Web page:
NFL AM: Colin Kaepernick Emerges As NFL’s Hottest Commodity


Last season, less than three years removed from leading his team to the Super Bowl, Colin Kaepernick was benched and left for dead by a San Francisco 49ers team that chose Blaine Gabbert over him and went 5-11 for the season.

It was a low point in what once seemed to be such a promising career.

But most of that seems to have been forgotten this offseason as the quarterback carousel turns around the NFL. Brock Osweiler’s defection from Denver to Houston has caused chaos in several places, and now, suddenly, Colin Kaepernick is a hot commodity once more.

As the dust settled on a crazy Wednesday, the first day of the league year, day two was much quieter with a few new signings trickling in throughout the morning and afternoon. But the hot topic all day was Kaepernick, who is on his way out in San Francisco for sure now. It’s just a question now of where he winds up, with the Broncos, Browns, and to a lesser extent the Jets, all on the radar for the 49ers to choose from.

Denver seems to be the most obvious fit and they have by far the biggest need to fill. Coming off a championship, the Broncos have lost their top two quarterbacks in the span of a week and are now left with just Trevor Siemian, a 2015 seventh round pick out of Northwestern who has one NFL snap to his resume — a kneel down — on their roster.

There are many who believe Kaepernick would be a strong fit for the offense Gary Kubiak wants to run in Denver now that he is free of the immobile Manning. That talent is there with Kaepernick. He wouldn’t have had the success he did early in his career without it. But he’s taken several steps back in the last two seasons and it seems there’s just something missing for him between the ears. However Kubiak, a former quarterback himself, likely believes that he can groom Kaepernick to reach his ceiling once again.

Kaepernick also has the pedigree to succeed with the Broncos. The former second round pick has made 53 starts with San Francisco over five seasons, including six in the playoffs. He led the team to a Super Bowl in just his first half season as a starter and in his first full season, they returned to the NFC Championship. That’s much more than can be said for Denver’s other options.

But Denver isn’t the only team in play, and on Friday Cleveland emerged as a serious suitor, driven by the fact that they are reportedly Kaepernick’s lead choice among the three teams in discussion with San Francisco at this time. ESPN’s Adam Schefter reported that Kaepernick favors the Browns because of the deep respect he has for their new coach Hue Jackson.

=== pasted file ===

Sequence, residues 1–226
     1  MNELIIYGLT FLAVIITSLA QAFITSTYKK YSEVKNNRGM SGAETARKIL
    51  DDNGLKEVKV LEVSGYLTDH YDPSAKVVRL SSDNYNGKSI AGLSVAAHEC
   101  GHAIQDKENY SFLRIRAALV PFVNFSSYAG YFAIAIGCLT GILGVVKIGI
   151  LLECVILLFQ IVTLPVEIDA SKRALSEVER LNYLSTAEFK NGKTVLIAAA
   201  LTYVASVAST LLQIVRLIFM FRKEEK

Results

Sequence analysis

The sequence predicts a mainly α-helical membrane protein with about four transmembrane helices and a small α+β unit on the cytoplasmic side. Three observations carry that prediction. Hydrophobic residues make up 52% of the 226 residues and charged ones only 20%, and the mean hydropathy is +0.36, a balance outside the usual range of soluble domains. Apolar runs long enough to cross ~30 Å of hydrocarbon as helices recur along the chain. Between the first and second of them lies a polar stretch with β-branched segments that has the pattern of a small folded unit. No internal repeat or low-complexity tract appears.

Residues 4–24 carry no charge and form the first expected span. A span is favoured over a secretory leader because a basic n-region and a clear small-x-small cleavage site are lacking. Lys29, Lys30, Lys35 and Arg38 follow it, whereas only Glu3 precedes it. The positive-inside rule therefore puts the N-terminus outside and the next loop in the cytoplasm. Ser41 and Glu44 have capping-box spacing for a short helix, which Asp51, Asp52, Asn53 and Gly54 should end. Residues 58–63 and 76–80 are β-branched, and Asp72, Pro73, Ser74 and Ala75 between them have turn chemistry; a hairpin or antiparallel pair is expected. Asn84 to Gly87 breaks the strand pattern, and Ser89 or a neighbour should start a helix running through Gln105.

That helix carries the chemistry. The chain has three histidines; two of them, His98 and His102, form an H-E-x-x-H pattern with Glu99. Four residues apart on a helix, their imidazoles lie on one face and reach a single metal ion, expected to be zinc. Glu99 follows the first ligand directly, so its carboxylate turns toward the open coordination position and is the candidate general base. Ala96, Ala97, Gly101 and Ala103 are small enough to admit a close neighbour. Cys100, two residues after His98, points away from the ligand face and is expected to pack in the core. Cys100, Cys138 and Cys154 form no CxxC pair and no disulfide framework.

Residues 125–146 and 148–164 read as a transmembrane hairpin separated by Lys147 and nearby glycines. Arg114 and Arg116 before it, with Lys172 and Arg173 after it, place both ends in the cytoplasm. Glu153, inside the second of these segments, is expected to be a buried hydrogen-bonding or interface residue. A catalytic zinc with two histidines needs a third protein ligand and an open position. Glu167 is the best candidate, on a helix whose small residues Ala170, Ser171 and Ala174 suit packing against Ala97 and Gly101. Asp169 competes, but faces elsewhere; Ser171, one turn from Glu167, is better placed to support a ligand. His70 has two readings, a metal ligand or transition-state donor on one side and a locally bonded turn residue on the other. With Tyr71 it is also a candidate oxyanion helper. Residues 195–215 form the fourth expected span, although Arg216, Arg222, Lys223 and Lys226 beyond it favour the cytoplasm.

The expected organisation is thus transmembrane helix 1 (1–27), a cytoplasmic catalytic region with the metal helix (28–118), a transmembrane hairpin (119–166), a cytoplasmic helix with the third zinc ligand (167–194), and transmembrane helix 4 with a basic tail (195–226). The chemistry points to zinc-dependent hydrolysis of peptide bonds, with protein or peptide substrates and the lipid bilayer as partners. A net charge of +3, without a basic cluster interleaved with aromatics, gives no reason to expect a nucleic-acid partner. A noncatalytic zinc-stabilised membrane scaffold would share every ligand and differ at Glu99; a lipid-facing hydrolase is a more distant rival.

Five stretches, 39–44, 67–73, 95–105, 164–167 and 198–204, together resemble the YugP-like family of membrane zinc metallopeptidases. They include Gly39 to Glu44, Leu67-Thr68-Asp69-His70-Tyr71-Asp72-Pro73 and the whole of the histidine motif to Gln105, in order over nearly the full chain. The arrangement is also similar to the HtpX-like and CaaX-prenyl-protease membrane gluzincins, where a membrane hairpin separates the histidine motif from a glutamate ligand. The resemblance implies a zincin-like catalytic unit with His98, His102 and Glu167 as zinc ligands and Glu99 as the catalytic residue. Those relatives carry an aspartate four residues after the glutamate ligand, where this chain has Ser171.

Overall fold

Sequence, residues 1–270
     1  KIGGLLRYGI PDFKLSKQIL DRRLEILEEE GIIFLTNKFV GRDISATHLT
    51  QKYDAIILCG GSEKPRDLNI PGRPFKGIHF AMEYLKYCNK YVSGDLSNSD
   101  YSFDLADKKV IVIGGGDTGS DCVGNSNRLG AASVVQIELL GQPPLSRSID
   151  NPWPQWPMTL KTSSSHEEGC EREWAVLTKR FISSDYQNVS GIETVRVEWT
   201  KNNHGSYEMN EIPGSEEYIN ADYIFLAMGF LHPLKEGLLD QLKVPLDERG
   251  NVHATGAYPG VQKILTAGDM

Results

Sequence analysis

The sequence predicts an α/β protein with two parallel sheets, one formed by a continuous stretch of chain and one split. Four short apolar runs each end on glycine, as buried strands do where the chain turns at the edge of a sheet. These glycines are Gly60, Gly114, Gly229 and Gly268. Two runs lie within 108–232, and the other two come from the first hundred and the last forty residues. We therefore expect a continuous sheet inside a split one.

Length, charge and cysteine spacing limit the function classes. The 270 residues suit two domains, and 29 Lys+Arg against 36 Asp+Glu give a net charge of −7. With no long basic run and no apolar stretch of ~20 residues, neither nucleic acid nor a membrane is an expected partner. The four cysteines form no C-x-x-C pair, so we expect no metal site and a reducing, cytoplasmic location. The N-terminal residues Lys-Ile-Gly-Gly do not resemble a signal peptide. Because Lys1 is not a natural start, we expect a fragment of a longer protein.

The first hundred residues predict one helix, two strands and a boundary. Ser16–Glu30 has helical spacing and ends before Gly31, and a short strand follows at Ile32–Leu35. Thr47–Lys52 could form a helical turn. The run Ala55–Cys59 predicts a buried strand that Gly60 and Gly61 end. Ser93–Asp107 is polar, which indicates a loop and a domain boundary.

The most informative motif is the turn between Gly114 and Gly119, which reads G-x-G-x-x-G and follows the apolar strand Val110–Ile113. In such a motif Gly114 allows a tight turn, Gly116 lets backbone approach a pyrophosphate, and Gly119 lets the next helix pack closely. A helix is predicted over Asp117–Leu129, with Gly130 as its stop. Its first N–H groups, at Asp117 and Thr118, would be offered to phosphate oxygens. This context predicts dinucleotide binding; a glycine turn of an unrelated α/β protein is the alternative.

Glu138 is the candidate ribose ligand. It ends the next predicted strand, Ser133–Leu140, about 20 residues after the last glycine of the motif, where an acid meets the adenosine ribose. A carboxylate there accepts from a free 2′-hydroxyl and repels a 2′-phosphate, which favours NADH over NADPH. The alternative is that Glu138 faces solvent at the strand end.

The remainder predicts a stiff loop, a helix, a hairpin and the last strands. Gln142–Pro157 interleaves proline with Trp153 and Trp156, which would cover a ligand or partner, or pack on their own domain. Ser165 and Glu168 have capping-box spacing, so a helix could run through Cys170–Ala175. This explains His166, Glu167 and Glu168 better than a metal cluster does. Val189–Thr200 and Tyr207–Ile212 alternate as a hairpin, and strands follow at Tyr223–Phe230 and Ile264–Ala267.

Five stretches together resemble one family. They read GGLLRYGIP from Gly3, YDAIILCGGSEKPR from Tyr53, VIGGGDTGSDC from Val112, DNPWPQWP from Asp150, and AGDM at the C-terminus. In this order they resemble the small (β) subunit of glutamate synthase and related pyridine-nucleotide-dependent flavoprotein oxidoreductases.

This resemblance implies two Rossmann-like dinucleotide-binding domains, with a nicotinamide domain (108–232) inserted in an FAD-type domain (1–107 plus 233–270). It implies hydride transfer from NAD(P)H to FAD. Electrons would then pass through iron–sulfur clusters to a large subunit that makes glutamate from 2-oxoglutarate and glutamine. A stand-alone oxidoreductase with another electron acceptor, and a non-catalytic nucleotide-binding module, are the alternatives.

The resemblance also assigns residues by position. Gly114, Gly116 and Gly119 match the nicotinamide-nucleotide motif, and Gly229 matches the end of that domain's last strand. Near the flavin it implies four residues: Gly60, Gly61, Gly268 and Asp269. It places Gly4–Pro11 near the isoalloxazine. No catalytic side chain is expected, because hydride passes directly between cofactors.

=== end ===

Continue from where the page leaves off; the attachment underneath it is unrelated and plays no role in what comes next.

Of course that would make Kaepernick the only person in the NFL who wants to be in Cleveland right now. Over the first 48 hours of the new league year, the Browns have seen four key players defect, including three on the offensive side of the ball — center Alex Mack, tackle Mitchell Schwartz and wide receiver Travis Benjamin. Those losses leave the Browns nearly barren on offense, especially the offensive line, which ranked as one of the league’s best last year despite the team’s struggles. A move for Kaepernick without being able to put any real talent around him, could prove to be yet another disaster for Cleveland, which probably means we should expect exactly that to happen.

Then there are the Jets, who are hanging on the periphery of the conversation surrounding Kaepernick. Many believe they’re simply floating themselves as suitors for other quarterbacks to bring the price down on last year’s starter Ryan Fitzpatrick, who is currently a free agent. But maybe New York should be more serious about bringing in Kaepernick.

Of the three teams in pursuit, they have arguably the most talent on offense to put around him, bolstered by the recent signing of running back Matt Forte. With Forte in the fold, and Brandon Marshall and Eric Decker positioned as their top two receivers, the Jets have the makings of a dynamic offense. Fitzpatrick could probably make it work well enough get them to the postseason. But is he ever going to take the franchise much further than that?

New York has an opportunity right now to obtain a quarterback with a much higher ceiling, who already has a history of postseason success. Sure, Kaepernick is a risk. Maybe those days of playoff triumphs are behind him and the limitations he’s shown as a player the last two seasons are who he really is now. But at age 28, just entering his prime as a quarterback, it’s hard to write him off just yet.

For a team on the cusp of the postseason with a strong defense in place and all the weapons on offense needed to succeed, in need of that one boost to get to the next level, it’s a risk worth taking.